In the last year as I've been returning fully and wholly to the church, I've done a lot of reading, mostly of blogs, lots of articles, a few books and I've done a lot of writing. A lot of my thoughts about my faith or return to it I've worked out in my fiction through my main character. While I don't think my character is a true stand-in for me, she has a lot of me in her and so I've probably worked out a lot of my thoughts in my story. Now I fear I'll find a market for my story, with it's strong Hispanic, Catholic characters, who learn a big family secret that takes them on an adventure they didn't expect. Sounds pretty good, huh?
Anyway, my point. I was thinking about my main characters (twin brother and sister) and how different their lives become. I was thinking more about the brother, a priest, and some of his thoughts. He's the character I have the most trouble with, as he's a man and a priest and I don't know what it's like to be either. While I know the priests at my parish, I don't know them well, but they're good, compassionate men. They're smart, caring and very devout to their vocations. I think they all share qualities my character might have, but I also try to not model my characters on anyone I know, which makes it hard sometimes, which really brings me to the whole point of this post. Really.
In my moments of procrastination, uh, I mean free time, I was reading through some of the blogs I read and Father Z (from What Does the Prayer Really Say?) linked to this post by (I'm guessing a youngish) Irish Priest who expressed so poignantly and honestly about the loneliness he was feeling at the moment. It touched me tremendously and it made me realize that these men and other religious have given up a lot for their vocations and we may never think twice about their lives outside of the church or where we see them publicly. I think sometimes we view them from the pews as men above us and not like us. We are the people under their watchful eyes and in their spiritual care. We may have casual conversations with them after Mass, maybe nothing beyond that, unless we're fortunate to have them as friends or family in real life, and even then, we may not always see them for being our brother, father, son, cousin, friend, etc. They are men of God and we always put that first, which I think we should, but they are also human and want to be treated as such and we don't. Sometimes, they aren't near their families and don't always have others to turn to for support because so many of them live alone or are the only priest in a church.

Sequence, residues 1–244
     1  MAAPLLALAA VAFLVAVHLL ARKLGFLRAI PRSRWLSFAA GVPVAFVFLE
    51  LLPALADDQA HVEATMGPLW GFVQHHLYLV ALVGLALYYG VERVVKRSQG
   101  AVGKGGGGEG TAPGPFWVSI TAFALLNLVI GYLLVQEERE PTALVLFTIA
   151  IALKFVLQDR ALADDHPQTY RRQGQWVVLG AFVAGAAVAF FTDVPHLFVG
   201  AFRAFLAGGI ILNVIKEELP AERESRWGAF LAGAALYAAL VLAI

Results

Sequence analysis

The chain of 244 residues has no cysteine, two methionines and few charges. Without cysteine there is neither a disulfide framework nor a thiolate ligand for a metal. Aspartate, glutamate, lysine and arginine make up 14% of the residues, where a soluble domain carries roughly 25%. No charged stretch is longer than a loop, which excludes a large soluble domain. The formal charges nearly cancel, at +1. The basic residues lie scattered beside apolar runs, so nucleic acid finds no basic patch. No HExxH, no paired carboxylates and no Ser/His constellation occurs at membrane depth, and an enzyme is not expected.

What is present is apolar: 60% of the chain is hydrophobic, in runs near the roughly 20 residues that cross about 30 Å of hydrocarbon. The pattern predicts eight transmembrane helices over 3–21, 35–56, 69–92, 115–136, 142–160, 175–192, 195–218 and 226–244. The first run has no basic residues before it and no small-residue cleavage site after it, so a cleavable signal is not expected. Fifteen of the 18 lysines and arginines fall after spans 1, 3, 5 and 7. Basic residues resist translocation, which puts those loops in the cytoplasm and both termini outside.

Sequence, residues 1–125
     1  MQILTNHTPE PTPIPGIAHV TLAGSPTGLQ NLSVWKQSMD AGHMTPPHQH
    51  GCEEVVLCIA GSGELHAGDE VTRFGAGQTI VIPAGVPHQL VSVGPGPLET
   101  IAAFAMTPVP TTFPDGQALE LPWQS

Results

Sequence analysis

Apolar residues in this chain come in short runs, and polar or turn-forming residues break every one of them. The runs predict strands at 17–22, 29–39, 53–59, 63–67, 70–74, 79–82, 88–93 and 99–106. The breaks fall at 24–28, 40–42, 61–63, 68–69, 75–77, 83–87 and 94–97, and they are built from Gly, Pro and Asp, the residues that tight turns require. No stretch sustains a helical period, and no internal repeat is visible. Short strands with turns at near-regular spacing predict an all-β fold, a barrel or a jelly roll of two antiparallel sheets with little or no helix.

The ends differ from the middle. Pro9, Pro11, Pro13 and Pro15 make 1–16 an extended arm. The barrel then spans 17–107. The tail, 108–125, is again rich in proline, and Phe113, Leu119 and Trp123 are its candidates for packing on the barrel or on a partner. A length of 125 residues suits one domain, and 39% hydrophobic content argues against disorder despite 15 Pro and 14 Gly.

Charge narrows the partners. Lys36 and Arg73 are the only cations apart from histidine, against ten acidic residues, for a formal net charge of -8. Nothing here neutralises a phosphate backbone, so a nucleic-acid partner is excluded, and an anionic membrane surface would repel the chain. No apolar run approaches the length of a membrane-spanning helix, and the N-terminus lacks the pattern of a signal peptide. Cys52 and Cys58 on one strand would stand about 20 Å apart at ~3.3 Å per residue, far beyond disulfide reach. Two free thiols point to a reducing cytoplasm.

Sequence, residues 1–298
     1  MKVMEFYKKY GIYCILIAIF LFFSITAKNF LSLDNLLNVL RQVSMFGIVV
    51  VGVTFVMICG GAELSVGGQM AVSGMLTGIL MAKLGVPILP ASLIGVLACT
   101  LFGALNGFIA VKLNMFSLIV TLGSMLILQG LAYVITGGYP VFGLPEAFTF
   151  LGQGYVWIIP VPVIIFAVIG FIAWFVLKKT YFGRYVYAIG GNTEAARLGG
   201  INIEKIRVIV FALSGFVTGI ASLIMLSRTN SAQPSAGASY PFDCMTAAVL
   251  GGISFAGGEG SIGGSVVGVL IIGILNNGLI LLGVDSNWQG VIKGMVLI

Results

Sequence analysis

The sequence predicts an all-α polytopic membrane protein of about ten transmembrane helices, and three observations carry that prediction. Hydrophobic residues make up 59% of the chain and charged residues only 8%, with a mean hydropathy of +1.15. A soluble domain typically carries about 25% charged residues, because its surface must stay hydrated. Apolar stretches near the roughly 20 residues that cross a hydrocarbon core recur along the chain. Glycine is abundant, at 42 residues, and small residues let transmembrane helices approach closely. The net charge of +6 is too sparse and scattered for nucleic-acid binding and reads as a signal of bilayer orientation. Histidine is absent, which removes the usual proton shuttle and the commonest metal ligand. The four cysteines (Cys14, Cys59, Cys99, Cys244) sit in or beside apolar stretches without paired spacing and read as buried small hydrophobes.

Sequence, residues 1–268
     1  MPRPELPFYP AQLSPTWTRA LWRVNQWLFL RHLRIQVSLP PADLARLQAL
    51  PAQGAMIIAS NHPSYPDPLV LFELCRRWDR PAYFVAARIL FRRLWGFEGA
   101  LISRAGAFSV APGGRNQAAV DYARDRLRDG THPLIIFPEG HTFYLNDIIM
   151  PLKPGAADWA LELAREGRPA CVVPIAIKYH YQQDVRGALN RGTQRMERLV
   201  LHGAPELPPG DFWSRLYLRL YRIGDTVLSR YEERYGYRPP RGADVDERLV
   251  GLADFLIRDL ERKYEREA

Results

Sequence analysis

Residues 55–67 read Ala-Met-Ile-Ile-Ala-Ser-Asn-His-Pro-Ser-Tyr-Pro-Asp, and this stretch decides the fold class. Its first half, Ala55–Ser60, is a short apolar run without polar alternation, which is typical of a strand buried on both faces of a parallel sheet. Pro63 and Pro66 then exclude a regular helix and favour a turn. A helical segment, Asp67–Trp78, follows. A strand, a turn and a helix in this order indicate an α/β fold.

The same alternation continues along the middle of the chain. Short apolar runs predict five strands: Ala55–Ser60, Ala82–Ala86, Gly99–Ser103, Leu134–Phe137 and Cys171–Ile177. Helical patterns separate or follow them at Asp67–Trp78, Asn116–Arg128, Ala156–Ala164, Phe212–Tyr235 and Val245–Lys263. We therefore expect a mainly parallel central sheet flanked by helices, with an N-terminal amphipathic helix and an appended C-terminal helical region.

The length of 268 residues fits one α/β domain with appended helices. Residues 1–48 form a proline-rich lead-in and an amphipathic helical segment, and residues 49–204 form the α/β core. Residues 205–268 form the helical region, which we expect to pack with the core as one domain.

And the other thing that occurred to me is that their loneliness isn't that much different from ours, those of us not living in vows or consecrated life. Every one suffers from periods of feeling lonely. ( I do believe alone and lonely are two different things.) I'm an only child and have been alone for so much of my life, but I haven't always been lonely. Most of the time, I'm not, but every now and then it hits me. Even married people feel that loneliness. My parents live totally separate lives now that they're older and I know they both feel lonely from time to time.
As a single woman, I feel it a lot and have begun to even question if I will ever find someone to share my life with. I want to have a family and share that with someone, but as I've lived most of my life single, I think I can continue to do so if that's meant to be. I just don't know about not having the children part. That I just can't imagine not having.